#racket

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      • mrmyers
        odds: (let sum ([lst '(1 (2) ((3 4)) 5)])(cond [(number? lst) lst][(null? lst) 0][else (+ (sum (car lst)) (sum (cdr lst)))]))
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      • odds
        mrmyers: Interesting. Thanks! That helped me define a procedure that meets the requirements. I appreciate that. :)
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      • vraid
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      • odds
        vraid: Oh ok, foldl. I will learn what that procedure does.
      • Is it kind of like map?
      • vraid
        not really :)
      • foldl takes a list and turns it into one element
      • whereas map applies a function to each element in a list, making a new list
      • rudybot: (foldl + 2 '())
      • rudybot
        vraid: your sandbox is ready
      • vraid: ; Value: 2
      • lexi-lambda
        odds: It's sometimes called "reduce".
      • vraid
        rudybot: (foldl + 2 '(4 5))
      • rudybot
        vraid: ; Value: 11
      • lexi-lambda
        Map takes a list and gives you a new list.
      • fold/reduce take a list and compound all the values into a single value.
      • odds
        Weird.
      • vraid
        odds: map, fold and filter are quite fundamental
      • odds
        Best documentation on them?
      • bremner
        docs.racket-lang.org has pointers to the "guide" and "reference"
      • lexi-lambda
        vraid: Of course, in Racket, we have for/list and for/fold for map and foldl. ;)
      • bremner
        the former is a good place to start.
      • don't scare the beginner ;)
      • lexi-lambda
        The relevant section of the guide is here, fyi: http://docs.racket-lang.org/guide/Lists__Iterat...
      • odds
        Nice, thanks lexi-lambda.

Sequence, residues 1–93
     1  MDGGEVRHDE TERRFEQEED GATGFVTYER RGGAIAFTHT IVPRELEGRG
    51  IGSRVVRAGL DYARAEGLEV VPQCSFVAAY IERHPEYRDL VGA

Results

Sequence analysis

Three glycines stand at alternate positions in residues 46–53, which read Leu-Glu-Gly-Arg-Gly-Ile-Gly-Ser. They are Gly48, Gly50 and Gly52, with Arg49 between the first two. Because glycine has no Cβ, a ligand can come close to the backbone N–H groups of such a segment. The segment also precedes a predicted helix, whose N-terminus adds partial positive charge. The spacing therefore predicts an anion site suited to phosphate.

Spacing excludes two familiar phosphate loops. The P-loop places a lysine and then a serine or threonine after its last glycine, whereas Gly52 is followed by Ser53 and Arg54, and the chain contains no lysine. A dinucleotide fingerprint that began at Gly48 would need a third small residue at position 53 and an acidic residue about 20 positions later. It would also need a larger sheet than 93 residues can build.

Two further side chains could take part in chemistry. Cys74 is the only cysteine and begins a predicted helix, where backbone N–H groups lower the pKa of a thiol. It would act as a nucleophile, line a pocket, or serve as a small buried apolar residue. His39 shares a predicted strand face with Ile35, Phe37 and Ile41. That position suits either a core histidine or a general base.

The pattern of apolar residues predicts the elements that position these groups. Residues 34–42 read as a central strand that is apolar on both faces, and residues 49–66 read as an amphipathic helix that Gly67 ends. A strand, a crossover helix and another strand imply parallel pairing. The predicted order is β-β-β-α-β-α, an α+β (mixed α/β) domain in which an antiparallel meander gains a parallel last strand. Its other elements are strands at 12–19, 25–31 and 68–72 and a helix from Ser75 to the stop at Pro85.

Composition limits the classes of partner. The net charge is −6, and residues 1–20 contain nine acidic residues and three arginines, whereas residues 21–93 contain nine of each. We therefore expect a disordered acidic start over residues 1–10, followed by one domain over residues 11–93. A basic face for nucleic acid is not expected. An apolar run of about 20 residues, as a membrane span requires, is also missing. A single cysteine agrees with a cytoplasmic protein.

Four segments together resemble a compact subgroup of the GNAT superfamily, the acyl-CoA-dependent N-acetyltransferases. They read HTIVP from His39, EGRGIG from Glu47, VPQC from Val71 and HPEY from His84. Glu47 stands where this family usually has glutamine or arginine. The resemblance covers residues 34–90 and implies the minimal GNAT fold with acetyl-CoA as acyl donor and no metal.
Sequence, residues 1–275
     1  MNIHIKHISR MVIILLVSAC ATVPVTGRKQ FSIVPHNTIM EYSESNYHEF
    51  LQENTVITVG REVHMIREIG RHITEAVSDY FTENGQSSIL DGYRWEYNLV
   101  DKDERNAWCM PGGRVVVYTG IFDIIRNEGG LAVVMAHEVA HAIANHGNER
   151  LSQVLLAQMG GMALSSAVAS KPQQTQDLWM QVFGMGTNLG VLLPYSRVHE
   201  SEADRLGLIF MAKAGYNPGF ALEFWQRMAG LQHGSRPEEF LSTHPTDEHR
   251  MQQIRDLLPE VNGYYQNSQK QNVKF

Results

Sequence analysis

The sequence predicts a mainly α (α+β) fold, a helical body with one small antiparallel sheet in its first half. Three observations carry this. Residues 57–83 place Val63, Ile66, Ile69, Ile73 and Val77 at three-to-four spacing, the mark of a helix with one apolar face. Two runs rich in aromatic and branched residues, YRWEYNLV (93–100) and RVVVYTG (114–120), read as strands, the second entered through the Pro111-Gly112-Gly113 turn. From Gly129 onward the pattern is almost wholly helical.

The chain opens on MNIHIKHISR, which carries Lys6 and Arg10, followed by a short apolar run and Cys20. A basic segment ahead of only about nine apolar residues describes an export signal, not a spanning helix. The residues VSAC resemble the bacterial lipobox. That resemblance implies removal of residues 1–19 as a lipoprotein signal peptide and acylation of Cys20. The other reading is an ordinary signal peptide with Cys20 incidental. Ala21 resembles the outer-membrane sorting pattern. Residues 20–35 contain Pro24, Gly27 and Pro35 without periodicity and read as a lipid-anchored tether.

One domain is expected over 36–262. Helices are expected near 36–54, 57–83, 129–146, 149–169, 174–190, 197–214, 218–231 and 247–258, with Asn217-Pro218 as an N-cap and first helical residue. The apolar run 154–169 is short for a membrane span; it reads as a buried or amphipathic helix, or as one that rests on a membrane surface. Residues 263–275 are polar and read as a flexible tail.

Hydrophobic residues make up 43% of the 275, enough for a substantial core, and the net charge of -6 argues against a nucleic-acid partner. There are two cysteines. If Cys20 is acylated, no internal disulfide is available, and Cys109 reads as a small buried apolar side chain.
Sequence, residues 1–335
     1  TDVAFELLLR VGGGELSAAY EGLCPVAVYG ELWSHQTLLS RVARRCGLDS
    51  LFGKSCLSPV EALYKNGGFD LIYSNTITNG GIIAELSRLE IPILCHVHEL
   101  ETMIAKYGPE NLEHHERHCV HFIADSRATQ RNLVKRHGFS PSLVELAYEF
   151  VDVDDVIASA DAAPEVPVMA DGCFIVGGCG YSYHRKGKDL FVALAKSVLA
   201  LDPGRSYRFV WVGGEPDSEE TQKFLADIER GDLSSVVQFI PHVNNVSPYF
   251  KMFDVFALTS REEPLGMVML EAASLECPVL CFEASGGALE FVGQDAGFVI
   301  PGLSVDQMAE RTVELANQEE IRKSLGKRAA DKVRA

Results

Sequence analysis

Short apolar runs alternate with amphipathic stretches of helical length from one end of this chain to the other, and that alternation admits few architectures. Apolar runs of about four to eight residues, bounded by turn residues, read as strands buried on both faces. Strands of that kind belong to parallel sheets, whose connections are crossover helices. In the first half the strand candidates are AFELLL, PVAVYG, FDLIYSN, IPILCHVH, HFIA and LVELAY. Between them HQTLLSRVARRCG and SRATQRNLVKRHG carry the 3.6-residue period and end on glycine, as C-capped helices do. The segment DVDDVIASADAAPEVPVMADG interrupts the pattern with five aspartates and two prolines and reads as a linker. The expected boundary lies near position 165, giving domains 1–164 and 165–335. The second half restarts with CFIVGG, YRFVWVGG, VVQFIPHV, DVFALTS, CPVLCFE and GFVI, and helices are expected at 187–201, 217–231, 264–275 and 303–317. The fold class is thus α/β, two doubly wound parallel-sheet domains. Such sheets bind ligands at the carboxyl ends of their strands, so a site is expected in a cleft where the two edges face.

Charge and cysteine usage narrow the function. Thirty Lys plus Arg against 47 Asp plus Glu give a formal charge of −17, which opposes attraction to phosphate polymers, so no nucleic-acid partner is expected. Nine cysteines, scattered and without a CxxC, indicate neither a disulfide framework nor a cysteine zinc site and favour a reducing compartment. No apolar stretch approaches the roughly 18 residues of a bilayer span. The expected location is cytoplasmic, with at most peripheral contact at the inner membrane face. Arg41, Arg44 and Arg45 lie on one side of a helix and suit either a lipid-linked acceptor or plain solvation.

• vraid
        lexi-lambda: i shall never succumb to for loops!
      • lexi-lambda
        vraid: I write very functional-y Racket, and its for loops are still <3
      • odds
        Writing things in Lisp is fairly challenging-- nice brain-teasers so far.
      • lexi-lambda
        I basically never use plain old "for", which isn't functional at all.
      • for/list, for/fold, for/and and the like are all very nice :)
      • technomancy
        the regularity of for is really nice
      • and the genericity of it
      • lexi-lambda
        odds: You may find that writing things in Lisp is less challenging than in other languages once you get used to it. ;)
      • vraid
        odds: this one looks decent if you can read haskell http://jwb.io/20121224-understanding-map-filter...
      • odds
        lexi-lambda: Hope so haha!
      • vraid: Can't read Haskell.. :P
      • bremner
        yeah, I'm afraid I've fully succumbed to the temptation the for/fold etc... Probably I can't write normal scheme at all anymore.
      • except I still use let most of the time because I'm a rebel.
      • lexi-lambda
        bremner: "let" is the master race binding form; don't let those crazy racketeers sway you from The Path >:D
      • bremner
        well, I appreciate the sentiment, even if your phrasing is probably illegal in Germany.
      • odds
        Ok, how about this one? "Write a Scheme function named elements that counts the number of elements in a list. For example, (elements '(1 (2 3) (4 5))) is 5 even though the length of it is 3."
      • bremner
        I'd start from my sum function and try to change as little as possible ;)
      • odds
        I have written a function to get the length... getting the number of elements is tricky though!
      • Yep bremner, that's what I'm doing heh.
      • vraid
        odds: spot the difference http://pasterack.org/pastes/30146
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      • odds
        Let's see here...
      • vraid
        but it only works on number elements, you'll have to do the check differently if you want any kind of elements
      • odds
        Ah, right.
      • This is insane. My mind is being blown.
      • vraid
        there's also the possibility of using flatten, of course
      • rudybot: (flatten '(1 (2) ((3 4)) 5))
      • rudybot
        vraid: ; Value: '(1 2 3 4 5)
      • odds
        I'm using plt-racket from homebrew repos in my OS X Terminal btw guys, what is the command to clear the interpreter?
      • vraid
        rudybot: (foldl + 0 (flatten '(1 (2) ((3 4)) 5)))
      • rudybot
        vraid: ; Value: 15
      • odds
        Oooh, I like flatten! Is that part of default Racket?
      • vraid
        yep, though it defeats the purpose of the exercise ^^
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      • acarrico
        That question is strangely worded. Elements is counting five leaves, there are only three elements in that list.
      • vraid
        perhaps it should say atoms